I questioned the obvious self-contradiction contained in those statements, but to no avail.  She was going back to The Slob and their “12 years!”  And I went back to being steaming mad and acting all pissed off.  I ducked her calls at work.  If she needed a supply of a particular hot record, I told her I didn’t have any to spare.  (This was actually true, but I enjoyed shooting her down.)  I was generally rude and hostile and would often hang up on her without saying goodbye.

One time when our DM was at my store, I picked up the phone and it was her, looking for him.  I didn’t say anything to her, I just said to the DM, within easy range of the phone receiver, “Here, it’s Whatsername.”  He knew who I meant.

It wasn’t that I was trying to be a dick… (OK, maybe a little), but just hearing her voice would set my heart beating fast and I’d get that sick feeling in my stomach.  It’s so hard to be around someone that dumped you. 

Note to anyone considering an office relationship: let this be a warning.  Don’t do it.  It’s not worth it.  This damn near killed me and we didn’t even work in the same place.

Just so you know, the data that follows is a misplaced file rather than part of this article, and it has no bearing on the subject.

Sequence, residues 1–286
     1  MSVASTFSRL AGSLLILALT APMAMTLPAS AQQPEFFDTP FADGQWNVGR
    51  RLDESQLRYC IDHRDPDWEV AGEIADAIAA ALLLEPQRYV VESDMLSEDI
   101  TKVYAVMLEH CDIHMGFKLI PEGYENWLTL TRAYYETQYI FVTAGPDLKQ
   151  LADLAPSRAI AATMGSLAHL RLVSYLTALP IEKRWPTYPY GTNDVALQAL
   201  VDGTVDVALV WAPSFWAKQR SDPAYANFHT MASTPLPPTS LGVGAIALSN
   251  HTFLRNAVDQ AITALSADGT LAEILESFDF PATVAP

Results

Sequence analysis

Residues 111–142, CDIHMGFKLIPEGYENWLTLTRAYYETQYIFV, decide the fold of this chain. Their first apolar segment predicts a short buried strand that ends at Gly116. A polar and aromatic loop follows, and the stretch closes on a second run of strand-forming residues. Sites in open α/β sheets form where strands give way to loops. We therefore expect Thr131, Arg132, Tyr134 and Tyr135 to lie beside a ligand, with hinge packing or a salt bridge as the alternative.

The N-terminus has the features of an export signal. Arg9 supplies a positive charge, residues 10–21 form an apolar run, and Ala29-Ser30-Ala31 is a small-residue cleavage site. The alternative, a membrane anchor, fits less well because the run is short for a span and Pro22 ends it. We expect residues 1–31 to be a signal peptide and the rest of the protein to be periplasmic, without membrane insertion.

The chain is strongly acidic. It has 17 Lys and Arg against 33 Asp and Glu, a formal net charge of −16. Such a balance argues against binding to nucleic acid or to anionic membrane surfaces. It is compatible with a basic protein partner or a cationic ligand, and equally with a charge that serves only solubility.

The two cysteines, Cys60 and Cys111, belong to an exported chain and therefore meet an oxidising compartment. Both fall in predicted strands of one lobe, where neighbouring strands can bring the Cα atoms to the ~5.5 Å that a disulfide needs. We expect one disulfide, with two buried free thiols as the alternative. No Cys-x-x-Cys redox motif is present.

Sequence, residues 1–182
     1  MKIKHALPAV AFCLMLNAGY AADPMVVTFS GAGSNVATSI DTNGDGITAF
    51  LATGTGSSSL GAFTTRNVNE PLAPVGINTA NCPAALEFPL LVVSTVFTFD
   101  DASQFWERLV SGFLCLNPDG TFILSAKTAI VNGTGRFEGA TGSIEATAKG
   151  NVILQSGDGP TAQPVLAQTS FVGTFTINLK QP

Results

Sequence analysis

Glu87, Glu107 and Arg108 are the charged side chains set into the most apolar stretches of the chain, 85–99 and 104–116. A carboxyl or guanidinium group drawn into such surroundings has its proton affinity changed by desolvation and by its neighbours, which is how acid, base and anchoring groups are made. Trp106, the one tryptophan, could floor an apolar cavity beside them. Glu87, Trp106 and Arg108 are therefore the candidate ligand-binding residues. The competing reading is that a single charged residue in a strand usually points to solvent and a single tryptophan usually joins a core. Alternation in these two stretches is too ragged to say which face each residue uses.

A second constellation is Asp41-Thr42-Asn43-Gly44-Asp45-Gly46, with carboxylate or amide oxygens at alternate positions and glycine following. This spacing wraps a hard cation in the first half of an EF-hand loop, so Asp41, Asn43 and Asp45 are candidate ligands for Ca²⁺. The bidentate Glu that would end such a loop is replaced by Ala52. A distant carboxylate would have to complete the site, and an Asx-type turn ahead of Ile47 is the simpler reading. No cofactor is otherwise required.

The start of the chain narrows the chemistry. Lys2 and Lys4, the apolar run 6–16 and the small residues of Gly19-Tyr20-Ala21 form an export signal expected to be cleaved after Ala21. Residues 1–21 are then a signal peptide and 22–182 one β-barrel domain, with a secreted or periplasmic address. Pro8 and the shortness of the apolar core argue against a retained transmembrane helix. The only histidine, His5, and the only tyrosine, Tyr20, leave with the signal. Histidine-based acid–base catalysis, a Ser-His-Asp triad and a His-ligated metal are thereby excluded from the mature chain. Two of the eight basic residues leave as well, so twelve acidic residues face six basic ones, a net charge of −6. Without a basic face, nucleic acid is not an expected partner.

She came into my store one afternoon, seeking some product she needed.  I gave her the freeze, as usual, speaking only when necessary and then, in 1-word answers.  That’s when she said it: “You always make me feel so bad when I come in here!

I was incredulous.  I make HER feel bad??   She tears my heart into fuckin’ pieces over and over again and I make HER feel bad?  I was so mad, I couldn’t even see straight.  That night, I went home and wrote her a letter.  (1988, people, there was no email and I never would have been able to say what I needed to say, out loud.)  I wrote her a 3-page letter on legal paper and carboned it into my journal.  It was my masterpiece… it was like a coiled snake that laid back and then struck, recoiled and struck again, over and over.  I got everything off my chest about what she’d done to me and how I felt about it.  It was really quite therapeutic.  If she didn’t realize what she’d done to me before, she sure would now.